Increased Weight Reduces The Brain’s Response To Tasty Food – Part 1 of 3
Increased Weight Reduces The Brain’s Response To Tasty Food. Most populate probably find drinking a milkshake a pleasurable experience, sometimes strongly so. But apparently that’s less apt to be the case among those who are overweight or obese.
Overeating, it seems, dims the neurological response to the consumption of yummy foods such as milkshakes, a new study suggests. That rejoinder is generated in the caudate nucleus of the brain, a region involved with reward.
Researchers using functional magnetic resonance imaging (fMRI) found that that overweight and obese people showed less activity in this brain division when drinking a milkshake than did normal-weight people.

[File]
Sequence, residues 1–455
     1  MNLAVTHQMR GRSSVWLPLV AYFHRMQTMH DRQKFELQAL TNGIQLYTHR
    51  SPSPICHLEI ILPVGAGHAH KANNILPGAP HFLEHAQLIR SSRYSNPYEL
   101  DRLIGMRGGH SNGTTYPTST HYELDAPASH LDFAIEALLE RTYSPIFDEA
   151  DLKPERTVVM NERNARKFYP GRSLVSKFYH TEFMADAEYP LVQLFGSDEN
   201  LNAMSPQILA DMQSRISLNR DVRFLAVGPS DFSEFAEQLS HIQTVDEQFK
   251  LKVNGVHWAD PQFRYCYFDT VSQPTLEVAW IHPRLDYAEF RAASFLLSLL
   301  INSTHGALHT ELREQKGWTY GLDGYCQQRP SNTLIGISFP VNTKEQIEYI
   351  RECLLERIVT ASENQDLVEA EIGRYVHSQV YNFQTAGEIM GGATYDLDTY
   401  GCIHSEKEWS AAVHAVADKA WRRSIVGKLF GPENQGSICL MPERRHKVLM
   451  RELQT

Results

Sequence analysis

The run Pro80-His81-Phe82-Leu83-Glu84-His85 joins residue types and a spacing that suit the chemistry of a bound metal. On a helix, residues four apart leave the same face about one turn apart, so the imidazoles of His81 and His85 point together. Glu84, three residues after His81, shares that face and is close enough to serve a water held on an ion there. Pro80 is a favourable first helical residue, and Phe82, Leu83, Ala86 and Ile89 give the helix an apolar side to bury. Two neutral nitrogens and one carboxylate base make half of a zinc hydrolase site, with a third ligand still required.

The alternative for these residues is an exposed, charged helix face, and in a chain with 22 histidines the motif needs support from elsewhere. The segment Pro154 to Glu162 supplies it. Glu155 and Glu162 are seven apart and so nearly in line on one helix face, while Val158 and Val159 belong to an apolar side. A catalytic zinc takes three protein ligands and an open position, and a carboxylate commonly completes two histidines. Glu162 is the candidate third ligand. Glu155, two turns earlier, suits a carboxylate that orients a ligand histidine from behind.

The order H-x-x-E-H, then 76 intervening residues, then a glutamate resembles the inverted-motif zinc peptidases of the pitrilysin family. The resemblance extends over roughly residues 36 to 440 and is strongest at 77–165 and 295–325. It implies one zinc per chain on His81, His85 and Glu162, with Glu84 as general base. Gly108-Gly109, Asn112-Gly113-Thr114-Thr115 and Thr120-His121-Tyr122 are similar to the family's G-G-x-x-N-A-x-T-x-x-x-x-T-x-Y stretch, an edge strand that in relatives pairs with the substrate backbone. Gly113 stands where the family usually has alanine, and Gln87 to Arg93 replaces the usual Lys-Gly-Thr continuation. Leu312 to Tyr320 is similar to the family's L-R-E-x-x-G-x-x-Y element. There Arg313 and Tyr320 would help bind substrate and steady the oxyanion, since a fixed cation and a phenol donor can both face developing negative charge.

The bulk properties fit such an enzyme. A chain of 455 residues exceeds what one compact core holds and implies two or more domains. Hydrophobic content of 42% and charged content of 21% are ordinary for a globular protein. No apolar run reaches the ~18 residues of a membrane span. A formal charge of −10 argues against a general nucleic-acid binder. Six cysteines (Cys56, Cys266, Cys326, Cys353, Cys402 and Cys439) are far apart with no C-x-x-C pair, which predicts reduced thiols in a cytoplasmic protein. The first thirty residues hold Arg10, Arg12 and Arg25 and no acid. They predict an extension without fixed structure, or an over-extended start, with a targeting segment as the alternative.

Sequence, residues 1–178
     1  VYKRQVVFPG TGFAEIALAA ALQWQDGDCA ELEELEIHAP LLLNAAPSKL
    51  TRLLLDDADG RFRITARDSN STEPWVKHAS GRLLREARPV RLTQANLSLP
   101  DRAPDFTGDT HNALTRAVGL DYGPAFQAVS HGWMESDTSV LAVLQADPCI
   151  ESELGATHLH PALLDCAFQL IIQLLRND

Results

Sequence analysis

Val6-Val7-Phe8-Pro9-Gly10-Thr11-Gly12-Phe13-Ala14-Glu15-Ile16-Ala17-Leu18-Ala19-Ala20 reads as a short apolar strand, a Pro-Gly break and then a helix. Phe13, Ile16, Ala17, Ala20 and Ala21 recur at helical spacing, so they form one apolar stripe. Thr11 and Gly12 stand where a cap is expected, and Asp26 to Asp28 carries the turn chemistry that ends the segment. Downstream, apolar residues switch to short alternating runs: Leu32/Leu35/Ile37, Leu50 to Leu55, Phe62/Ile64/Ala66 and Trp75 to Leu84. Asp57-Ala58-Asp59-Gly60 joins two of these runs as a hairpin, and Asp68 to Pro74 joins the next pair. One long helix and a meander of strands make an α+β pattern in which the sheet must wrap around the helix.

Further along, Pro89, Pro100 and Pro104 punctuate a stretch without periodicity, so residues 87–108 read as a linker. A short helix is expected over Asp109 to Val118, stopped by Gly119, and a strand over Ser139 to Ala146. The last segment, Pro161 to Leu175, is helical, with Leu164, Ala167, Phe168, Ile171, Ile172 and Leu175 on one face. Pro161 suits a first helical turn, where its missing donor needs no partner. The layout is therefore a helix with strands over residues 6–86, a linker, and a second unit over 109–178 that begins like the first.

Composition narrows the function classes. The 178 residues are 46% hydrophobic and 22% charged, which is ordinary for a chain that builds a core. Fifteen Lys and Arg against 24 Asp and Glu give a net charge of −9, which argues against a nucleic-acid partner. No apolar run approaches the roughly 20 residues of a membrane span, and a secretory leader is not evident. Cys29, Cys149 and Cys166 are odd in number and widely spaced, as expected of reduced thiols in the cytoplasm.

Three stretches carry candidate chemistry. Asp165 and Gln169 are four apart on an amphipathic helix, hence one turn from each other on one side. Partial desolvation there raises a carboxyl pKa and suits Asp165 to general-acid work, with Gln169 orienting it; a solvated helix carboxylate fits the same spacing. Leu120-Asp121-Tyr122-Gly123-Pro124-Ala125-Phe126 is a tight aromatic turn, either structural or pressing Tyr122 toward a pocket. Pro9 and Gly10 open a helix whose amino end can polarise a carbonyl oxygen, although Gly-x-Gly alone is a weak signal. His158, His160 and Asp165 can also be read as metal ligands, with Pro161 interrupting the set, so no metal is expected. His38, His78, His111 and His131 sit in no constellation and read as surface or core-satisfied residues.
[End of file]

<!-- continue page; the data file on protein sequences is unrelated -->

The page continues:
“The higher your BMI [body mass index], the lower your caudate response when you eat a milkshake,” said study lead author Dana Small, an affiliate professor of psychiatry at Yale and an associate fellow at the university’s John B. Pierce Laboratory.
The effect was especially strong in adults who had a particular variant of the taqIA A1 gene, which has been linked to a heightened endanger of obesity. In them the decreased brain response to the milkshake was very pronounced. About a third of Americans have the variant.
The findings were to have been presented earlier this week at an American College of Neuropsychopharmacology convocation in Miami.
Just what this says about why people overeat or why dieters say it’s so hard to ignore highly rewarding foods is not entirely clear. But the researchers have some theories.
When asked how pleasant they found the milkshake, overweight and obese participants in the study responded in ways that did not differ much from those of normal-weight participants, suggesting that the explanation is not that obese people don’t enjoy milkshakes any more or less.
And when they did brain scans in children at jeopardy for obesity because both parents were obese, the researchers found the opposite of what they found in overweight adults.